In July 2014, the Massachusetts Teachers Association elected a new union President and Vice-President. The benefits were realized immediately. Dr. Barbara Madeloni and her V.P. Janet Anderson breathed new life into an educational organization that had been failing to meet the needs of its membership.
According to an article by Michael Levinson in the Boston Globe (6.6.14), Barbara Madeloni “won her race by openly criticizing the current union president…for his record of negotiating with – rather than fighting – officials on the development of teacher assessments and the Common Core…” He went on to say: “Her agenda forcefully rejects those policies, which have gained increasing support from Republicans and Democrats over the last 20 years. She supports a three-year moratorium on standardized testing and teacher assessments and denounces charter schools. Though these initiatives have never been popular with teacher unions, the MTA, under [the previous President] Toney, took a softer line, seeing compromise rather than confrontation.” Sound familiar?
In an article in Boston Magazine (September 2014), entitled “How tests are failing our schools”, author Zachary Jason reported that “rank-and-file teachers across the state hail Madeloni as a savior. She’s the first MTA leader willing to listen to their agony, and to tell the truth about how teaching in an age of accountability can be, as Holyoke teacher Cheryl Cluff puts it, ‘like waiting tables in a busy restaurant; you’re running and running and running, and you’ve lost your head’. Whereas past presidents and her opponent…were willing to compromise with state administrators, Madeloni is combative, unapologetic, and, as Augustin Morales, another Holyoke teacher, says ‘unafraid to make her life uncomfortable’. (bostonmagazine.org)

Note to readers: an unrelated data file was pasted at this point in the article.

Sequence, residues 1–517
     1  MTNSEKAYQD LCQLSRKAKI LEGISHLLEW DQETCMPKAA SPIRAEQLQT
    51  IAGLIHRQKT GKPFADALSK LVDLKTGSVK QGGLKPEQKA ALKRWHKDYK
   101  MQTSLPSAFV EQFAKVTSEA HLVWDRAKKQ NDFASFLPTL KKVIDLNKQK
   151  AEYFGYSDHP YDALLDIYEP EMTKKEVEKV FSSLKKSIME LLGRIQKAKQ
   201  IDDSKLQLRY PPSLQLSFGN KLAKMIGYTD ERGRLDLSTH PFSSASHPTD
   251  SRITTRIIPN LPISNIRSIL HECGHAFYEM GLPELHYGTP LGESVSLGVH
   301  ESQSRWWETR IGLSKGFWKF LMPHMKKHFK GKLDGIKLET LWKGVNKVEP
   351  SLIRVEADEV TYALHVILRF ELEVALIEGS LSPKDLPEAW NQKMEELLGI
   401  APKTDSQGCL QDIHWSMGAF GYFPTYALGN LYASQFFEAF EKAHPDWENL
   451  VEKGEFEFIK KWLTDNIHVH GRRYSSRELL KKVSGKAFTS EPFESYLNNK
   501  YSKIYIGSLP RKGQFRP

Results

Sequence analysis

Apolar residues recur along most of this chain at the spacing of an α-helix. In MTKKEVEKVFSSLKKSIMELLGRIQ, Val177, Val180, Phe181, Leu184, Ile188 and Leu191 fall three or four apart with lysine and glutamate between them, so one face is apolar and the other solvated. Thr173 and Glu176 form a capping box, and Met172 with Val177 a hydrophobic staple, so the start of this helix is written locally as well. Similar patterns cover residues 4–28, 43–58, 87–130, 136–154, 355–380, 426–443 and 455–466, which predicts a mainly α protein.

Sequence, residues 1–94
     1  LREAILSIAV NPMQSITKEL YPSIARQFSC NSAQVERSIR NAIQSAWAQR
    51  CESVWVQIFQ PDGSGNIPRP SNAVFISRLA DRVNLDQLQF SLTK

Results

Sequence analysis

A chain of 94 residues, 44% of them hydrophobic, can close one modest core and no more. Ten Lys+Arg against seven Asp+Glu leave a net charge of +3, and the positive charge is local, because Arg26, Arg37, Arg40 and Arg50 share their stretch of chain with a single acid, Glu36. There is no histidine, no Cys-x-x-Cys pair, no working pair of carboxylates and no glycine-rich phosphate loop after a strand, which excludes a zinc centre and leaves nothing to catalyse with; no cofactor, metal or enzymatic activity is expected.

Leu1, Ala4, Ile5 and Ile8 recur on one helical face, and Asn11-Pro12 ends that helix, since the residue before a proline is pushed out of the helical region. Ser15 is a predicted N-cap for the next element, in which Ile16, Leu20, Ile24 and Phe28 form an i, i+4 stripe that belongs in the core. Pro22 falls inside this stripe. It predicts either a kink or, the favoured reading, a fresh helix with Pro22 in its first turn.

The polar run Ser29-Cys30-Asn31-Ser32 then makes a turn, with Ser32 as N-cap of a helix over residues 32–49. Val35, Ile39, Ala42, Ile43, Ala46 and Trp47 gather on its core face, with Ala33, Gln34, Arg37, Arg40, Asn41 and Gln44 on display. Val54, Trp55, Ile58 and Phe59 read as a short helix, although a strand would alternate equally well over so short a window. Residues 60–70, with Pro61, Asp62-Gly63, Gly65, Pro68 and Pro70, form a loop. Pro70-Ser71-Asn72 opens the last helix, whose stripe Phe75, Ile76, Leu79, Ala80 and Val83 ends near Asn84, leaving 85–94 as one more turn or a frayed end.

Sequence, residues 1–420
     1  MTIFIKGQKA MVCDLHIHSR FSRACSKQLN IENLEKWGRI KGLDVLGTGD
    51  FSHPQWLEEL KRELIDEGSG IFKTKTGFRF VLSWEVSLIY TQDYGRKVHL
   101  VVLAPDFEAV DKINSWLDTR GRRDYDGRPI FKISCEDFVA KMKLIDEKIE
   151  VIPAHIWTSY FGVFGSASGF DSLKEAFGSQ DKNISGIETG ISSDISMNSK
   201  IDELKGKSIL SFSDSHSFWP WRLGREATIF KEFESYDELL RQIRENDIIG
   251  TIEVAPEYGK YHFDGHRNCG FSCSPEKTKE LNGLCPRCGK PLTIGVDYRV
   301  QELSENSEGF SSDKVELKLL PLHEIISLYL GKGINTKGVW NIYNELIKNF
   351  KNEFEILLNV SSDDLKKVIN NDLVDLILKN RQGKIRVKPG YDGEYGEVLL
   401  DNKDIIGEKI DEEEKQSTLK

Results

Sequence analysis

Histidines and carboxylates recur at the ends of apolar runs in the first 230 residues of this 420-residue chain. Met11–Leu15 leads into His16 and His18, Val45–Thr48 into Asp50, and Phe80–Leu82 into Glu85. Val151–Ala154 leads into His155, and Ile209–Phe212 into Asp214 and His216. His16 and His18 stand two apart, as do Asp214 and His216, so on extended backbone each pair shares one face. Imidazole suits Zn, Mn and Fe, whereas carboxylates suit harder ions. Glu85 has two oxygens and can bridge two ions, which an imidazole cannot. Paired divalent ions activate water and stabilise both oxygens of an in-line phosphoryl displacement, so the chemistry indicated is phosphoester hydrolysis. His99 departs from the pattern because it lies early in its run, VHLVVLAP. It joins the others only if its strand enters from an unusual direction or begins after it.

Wow! that resonates!!
For further evidence reflecting how new blood and inspired leadership can bring change to a staid status quo, read Barbara Madeloni’s interview, called “Standing Up to Superman” in the 7.7.14 issue of Jacobin Magazine. Just last week, the MTA made national news when delegates at its annual meeting voted their support for the opt-out movement…and so much more.
Click on http://massteacher.org/news/archive/2015/annual_meeting_coverage.aspx and consider the possibilities!!! I especially liked the post-convention press releases…read on and dream. That is leadership!!
There comes a time in any organization when it becomes necessary to make a change. In the CEA, that time has come; it is NOW!!
There is no doubt that CEA leadership feels that it has done an effective job pushing back against the onslaught brought on by the politically-driven Common Core State Standards initiative, the unproven and rushed change in standardized testing requirements, the systematic yet false narrative of failing schools and ineffective teachers, and the questionable storing and sharing of private, personal, and confidential information on students and their families. However, many teachers disagree as they see their freedom to deliver instruction as they determine they should based on their understanding of each student’s learning needs erode. Teachers find themselves testing student progress on standardized measures continuously and then spending hours of planning time entering student results into data storage systems. And then, to add to their frustration, teachers are threatened with having their expertise measured by student test results on unproven standardized assessments. Teachers feel overwhelmed by rapid changes in curricula practices in multiple academic areas with little or no professional input as to developmental readiness and continuity of instruction. Teacher satisfaction with their chosen vocation ranges from apathy to frustration and anger; many seek to retire early and others will simply leave teaching for more personally satisfying circumstances.